As planned, Dawson's men Bat, Charley and Fargo show up at a night stop claiming to be telegraph men who are there to repair lines cut by the Arapahos. Kit gives them permission to bunk in the camp. Johnny convinces Madame Adelaide and the dancers to put on a show in the camp, and later joins in the musical performance himself. Kit gradually softens her attitude towards Johnny.

When all are asleep, Bat and Charley leave while Fargo tosses sticks of dynamite under the engine. Johnny, sleeping alongside the train, smells the lit fuse and alerts the others. Kit cuts the fuse with a shot and disables Fargo, but before he can talk, Dakota kills him.

Some time later, a few miles beyond where the track restarts, Bat and Charley are placing dynamite charges under a trestle. Johnny, Kit and Pawnee are scouting ahead and stop at the bridge. Bat and Charley consider shooting them, but are then themselves attacked and killed by Indians, and the dynamite is set off prematurely. Kit, Johnny and Pawnee are chased back to the train, which is then attacked by the war party. Johnny identifies the Arapaho chief, Crooked Knife, having previously worked with him in a travelling western show.

After the war party is driven off, Johnny volunteers to talk peace with him. He has learned that Long Time is carrying a load of fireworks and develops a plan. He is welcomed by Crooked Knife, who agrees to allow the train safe passage. However, some of the braves distrust Johnny and ask him to produce a sign that he is "big medicine." Johnny sets off a rocket, signaling Kit and Dakota to set off the rest of the fireworks on a nearby hill, and the Indians are impressed. As the railway bridge is now out, Kit intends to take the locomotive over a mountain by dismantling it and carrying it in pieces. Dawson, meanwhile, thinks he has been double-crossed and shoots Black Wolf. He then rounds up his men for a final showdown.

The Emma Sweeny is stripped of her cab, smokestack, tender and various other parts, and hauled over the mountain by the mules in several pieces. When they reach the track, the engine is put back together. Kit discovers that the water tower needed to fill the tender has been sabotaged by Dakota, but unknown to Dakota, the tender was already filled with water.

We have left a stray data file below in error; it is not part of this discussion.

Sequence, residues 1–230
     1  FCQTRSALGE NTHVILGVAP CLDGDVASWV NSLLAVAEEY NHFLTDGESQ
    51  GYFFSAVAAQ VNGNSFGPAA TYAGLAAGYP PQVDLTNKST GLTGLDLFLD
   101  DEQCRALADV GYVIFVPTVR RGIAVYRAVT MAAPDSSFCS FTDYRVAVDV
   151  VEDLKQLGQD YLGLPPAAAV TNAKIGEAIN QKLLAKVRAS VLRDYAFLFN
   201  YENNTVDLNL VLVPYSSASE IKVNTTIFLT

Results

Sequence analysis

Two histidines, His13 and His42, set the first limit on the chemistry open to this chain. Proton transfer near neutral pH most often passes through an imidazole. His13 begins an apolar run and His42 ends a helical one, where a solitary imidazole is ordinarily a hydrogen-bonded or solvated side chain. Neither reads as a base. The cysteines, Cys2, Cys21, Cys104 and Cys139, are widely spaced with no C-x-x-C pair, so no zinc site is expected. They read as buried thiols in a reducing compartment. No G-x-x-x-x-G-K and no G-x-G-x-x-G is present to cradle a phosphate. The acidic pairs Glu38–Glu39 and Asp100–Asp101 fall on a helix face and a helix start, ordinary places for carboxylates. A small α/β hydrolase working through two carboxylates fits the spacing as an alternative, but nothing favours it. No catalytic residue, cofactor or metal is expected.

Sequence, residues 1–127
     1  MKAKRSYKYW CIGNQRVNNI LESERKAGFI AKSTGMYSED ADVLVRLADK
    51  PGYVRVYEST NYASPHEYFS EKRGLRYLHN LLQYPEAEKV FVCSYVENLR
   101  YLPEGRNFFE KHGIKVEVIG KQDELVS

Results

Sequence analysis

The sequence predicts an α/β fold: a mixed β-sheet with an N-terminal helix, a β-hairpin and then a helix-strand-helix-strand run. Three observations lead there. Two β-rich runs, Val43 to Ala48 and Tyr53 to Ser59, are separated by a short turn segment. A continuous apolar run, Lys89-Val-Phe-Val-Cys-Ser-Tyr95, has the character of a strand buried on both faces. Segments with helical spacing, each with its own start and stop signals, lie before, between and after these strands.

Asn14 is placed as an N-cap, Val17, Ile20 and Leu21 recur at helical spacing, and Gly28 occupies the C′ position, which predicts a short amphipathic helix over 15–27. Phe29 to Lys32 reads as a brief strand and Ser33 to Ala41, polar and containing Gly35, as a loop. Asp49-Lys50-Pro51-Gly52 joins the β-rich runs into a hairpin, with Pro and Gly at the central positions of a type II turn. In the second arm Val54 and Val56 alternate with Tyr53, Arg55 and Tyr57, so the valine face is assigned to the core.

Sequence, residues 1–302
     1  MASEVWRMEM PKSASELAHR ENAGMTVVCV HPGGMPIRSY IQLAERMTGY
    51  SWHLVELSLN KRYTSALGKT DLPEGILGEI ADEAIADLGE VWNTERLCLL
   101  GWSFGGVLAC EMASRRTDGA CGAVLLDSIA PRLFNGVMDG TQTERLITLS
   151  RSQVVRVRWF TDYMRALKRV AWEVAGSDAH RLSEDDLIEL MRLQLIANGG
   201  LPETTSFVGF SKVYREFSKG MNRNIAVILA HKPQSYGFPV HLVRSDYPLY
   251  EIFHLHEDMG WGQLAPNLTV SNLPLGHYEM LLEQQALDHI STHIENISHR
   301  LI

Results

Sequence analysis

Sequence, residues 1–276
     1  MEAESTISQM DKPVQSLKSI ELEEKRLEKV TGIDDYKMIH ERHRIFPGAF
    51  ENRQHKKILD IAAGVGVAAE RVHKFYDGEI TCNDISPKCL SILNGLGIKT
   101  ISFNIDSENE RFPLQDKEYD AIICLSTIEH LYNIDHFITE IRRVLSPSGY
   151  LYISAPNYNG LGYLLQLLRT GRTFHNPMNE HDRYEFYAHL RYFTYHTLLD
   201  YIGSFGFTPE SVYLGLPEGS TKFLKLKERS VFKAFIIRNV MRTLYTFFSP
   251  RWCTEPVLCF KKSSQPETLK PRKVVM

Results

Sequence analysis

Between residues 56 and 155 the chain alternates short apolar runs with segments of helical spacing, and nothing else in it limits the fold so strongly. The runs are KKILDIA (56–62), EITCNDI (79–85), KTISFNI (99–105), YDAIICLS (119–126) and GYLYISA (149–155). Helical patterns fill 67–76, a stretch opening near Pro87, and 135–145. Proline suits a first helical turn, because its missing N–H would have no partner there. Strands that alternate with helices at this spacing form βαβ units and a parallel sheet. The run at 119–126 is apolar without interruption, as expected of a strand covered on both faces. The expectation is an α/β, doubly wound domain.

When Kit discovers that he sabotaged the tower, Dakota jumps aboard the train, slugs Johnny and forces the fireman to start the engine moving, leaving Kit and the rest of the party behind. Kit jumps into the cab. Dakota tries to shoot Kit, but is out of ammunition and throws his gun at her instead, knocking her unconscious. Johnny wakes up, and while he and Dakota fight on top of the cabin, Kit comes round and throws her knife at Dakota, causing him to fall off the train and plunge to his death in a ravine.

Dawson and his gang ambush the train but cannot catch up with it. However, they manage to shoot holes the boiler. The Emma Sweeny loses steam pressure and slows to a halt within sight of Tomahawk. A posse, headed by Marshall Dodge, rides out from the town and, together with the Araphoe, subdue Dawson's gang. Dawson flees but is pursued by Pawnee, who takes him out by throwing a tomahawk at him.

As the train has stopped just short of its goal, Johnny attempts to talk the mayor of Tomahawk into extending the town limits, thereby fulfilling the requirements of the franchise. He succeeds with seconds to spare. Kit has fallen in love with Johnny, but he says he cannot be with her, as he cannot give up his traveling life. She grabs her knife and threatens to cripple him to prevent him from traveling.